But factor in the state’s “discouraged workers” and the number jumps to 9.2 percent. Throw in the “marginally attached workers” and the rate goes to 9.7 percent. Then add in the underemployed, and the state’s rate becomes 14.8 percent.
Clearly, that presents a far different employment picture for Wisconsin, and Shierholz said the same could be surmised for local areas such as Janesville.
Shierholz said the current unemployment rates are understating slack in the labor market because so many people have either dropped out of the labor force or have never entered it.
“For many of the people, it’s been a horrible experience,” she said. “They’ve knocked on every door in town 25 times and have now given up and decided to go live on their cousin’s couch. “There are plenty of those stories, but not everybody fits that profile.”
Others, she said, simply delayed their entry or reentry into the workforce.
“Some people, particularly younger folks, look around at the landscape and decide they’ll stay in school and get another degree,” she said. “Another example would be the woman who had a baby a few years ago and planned to go back to work. But now she has a kindergartner and decides the best option is just to stay at home.”
As the economy improves and jobs are added, Shierholz said the unemployment rate will either grow or its decline will slow dramatically.
“When we start adding jobs, all these people who knocked on all those doors before giving up will see their neighbor get a job,” she said. “When they see that, the minute they fill out their first application, they’re back in play and in the labor force, and you’ll see the unemployment rate go up.”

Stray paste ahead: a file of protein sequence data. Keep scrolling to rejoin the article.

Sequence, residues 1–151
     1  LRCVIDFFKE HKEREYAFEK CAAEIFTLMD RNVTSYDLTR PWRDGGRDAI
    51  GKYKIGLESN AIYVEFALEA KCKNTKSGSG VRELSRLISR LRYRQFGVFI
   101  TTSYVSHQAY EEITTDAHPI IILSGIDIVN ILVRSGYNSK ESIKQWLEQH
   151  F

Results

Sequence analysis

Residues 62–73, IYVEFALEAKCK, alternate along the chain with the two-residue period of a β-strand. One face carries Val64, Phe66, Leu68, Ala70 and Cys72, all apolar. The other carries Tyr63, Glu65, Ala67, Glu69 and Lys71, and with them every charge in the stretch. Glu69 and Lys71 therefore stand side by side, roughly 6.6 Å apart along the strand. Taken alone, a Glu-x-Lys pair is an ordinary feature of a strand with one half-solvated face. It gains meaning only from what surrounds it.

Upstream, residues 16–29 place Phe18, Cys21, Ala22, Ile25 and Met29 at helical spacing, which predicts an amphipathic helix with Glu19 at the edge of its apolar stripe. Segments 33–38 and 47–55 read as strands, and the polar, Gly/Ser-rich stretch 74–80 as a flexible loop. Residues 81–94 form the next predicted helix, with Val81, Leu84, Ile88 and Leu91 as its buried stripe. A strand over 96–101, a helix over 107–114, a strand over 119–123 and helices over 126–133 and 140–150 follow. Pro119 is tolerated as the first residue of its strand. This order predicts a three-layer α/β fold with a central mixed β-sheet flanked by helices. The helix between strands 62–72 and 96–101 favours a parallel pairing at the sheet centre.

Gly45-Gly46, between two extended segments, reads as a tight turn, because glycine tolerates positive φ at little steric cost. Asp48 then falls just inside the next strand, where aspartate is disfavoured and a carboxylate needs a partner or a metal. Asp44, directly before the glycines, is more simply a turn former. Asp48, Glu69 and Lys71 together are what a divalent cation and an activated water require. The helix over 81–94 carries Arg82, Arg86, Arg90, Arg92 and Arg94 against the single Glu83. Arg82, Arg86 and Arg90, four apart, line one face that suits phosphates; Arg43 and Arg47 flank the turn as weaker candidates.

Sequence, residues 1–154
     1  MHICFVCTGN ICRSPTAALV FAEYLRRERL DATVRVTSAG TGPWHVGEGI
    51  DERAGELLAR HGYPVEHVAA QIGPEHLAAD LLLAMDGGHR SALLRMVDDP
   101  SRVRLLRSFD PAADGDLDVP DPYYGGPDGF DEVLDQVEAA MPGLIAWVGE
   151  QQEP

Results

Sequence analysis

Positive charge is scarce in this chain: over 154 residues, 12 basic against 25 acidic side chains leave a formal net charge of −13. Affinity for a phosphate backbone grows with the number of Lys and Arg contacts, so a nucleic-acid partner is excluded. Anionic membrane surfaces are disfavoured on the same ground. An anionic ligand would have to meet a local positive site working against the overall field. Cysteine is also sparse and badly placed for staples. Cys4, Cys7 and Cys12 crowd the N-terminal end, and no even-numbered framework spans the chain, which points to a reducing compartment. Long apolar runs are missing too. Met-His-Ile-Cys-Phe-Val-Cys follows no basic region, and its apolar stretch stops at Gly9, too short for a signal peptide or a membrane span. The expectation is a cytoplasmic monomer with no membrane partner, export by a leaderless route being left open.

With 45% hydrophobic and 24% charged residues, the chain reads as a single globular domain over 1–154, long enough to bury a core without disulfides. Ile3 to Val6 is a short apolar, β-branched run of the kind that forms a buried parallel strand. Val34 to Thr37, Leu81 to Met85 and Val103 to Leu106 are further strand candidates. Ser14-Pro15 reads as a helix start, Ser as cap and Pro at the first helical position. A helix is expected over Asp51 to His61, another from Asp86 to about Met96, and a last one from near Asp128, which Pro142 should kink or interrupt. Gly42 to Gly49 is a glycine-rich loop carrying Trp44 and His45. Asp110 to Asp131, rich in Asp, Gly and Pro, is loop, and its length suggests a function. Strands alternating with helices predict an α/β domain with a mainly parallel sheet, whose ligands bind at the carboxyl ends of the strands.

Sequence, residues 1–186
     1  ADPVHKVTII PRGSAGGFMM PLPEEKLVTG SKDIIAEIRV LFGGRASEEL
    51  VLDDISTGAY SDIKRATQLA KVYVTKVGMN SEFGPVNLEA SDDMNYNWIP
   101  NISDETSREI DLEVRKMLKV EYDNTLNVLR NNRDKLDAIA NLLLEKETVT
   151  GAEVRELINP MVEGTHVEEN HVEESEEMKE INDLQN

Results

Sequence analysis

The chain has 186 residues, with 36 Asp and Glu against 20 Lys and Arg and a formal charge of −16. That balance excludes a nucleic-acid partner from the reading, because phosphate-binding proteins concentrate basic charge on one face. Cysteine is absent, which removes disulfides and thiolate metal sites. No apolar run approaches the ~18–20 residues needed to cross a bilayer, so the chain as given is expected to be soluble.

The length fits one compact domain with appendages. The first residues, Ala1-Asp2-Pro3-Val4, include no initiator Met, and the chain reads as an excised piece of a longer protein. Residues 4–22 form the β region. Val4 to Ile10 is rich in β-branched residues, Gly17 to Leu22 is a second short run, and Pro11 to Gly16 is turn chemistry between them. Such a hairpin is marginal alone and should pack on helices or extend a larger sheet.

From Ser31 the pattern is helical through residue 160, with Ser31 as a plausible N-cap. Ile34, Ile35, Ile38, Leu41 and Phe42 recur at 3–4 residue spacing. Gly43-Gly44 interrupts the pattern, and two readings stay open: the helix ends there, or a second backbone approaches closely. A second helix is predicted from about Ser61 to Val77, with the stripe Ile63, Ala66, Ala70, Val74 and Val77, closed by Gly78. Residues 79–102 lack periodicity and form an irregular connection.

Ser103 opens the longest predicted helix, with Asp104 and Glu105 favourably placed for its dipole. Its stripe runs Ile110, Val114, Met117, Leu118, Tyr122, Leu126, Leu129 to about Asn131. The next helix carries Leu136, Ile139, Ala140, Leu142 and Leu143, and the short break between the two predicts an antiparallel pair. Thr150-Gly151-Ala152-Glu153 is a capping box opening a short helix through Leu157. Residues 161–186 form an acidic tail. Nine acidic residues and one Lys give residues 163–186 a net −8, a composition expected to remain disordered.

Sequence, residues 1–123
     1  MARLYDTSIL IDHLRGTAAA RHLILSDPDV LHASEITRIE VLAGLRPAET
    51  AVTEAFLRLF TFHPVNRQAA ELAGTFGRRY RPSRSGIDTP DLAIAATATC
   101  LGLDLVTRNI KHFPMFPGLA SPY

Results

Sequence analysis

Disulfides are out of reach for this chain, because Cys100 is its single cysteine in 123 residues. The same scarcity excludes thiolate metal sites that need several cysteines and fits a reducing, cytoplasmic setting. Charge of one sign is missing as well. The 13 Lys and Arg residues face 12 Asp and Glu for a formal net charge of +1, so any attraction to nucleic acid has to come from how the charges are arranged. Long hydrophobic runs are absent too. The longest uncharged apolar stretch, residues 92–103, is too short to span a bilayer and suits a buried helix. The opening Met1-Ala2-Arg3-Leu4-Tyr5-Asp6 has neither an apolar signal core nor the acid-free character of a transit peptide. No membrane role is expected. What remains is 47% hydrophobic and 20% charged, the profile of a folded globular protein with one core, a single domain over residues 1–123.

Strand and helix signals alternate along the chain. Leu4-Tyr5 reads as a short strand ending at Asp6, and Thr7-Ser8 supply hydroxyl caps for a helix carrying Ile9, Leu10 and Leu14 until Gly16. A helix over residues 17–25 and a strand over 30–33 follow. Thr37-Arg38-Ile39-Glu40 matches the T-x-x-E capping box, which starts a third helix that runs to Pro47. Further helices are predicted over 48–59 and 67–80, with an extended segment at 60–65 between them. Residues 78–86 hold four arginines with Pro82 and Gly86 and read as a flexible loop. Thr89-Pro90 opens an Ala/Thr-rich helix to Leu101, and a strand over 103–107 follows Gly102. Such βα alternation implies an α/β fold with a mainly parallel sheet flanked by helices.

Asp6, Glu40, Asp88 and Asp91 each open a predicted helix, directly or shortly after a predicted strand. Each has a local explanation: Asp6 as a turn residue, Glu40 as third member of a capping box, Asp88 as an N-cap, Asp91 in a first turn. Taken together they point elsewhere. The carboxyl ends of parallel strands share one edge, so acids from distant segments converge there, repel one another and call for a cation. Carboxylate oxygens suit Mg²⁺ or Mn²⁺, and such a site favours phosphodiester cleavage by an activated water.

It’s a case of simple math, she said.
For example, if a local economy has a labor force of 100,000 and 6,000 people officially unemployed, the unemployment rate would be 6 percent.
But factor in the 2,000 jobless people who were discouraged and not counted. Once they start looking for work, the labor force will grow to 102,000, and, assuming they don’t get a job right away, the number of unemployed would grow to 8,000.
That would boost the official unemployment rate from 6 percent to 7.8 percent.
Shierholz said such an increase initially would temper improvements in unemployment rates that have been dropping.
“Often, there’s a lot of churn in the labor market,” she said.
Fewer people working
For a better perspective, Shierholz prefers to look at the employment-to-population ratio, a statistical measure of the proportion of the country’s working-age population that is employed.
In October 2009, that national rate was 58.5 percent. Last month, it was 58.4 percent, which indicates a decrease in the number of working-age people with a job.
The national unemployment rate, however, was 10.1 percent in October 2009 and dropped to 9 percent by last month, which Shierholz said paints an artificial—and rosier—picture of the employment situation.
“When you say things are improving, it’s only good if a bigger share of the population is working, and that’s not the case,” she said.
That’s not a news flash for Porter, who’s run out of unemployment benefits and is paying living and education expenses with mounting student loans.
He’s again looking for work, even a first-shift job that could potentially put an end to his schooling
“My priorities are changing,” he said. “I’ve got to keep a roof over our heads.”
In a perfect world with a second-shift job, he’d continue his work at BTC, graduate in December and land a job in the human resources field.
Still, he’s concerned.
“I realize that I’m going to be 48 years old and probably not one of the most desirable employees,” he said. “There’s lots of young people out there, and I’m competing with four to five times as many people for the same position.
“My unemployment benefits are gone, and I understand that Congress had to stop somewhere, but I think it comes at the expense of a lot of hardworking Americans.
“There are a lot of middle-age, middle-class people who are hurting.”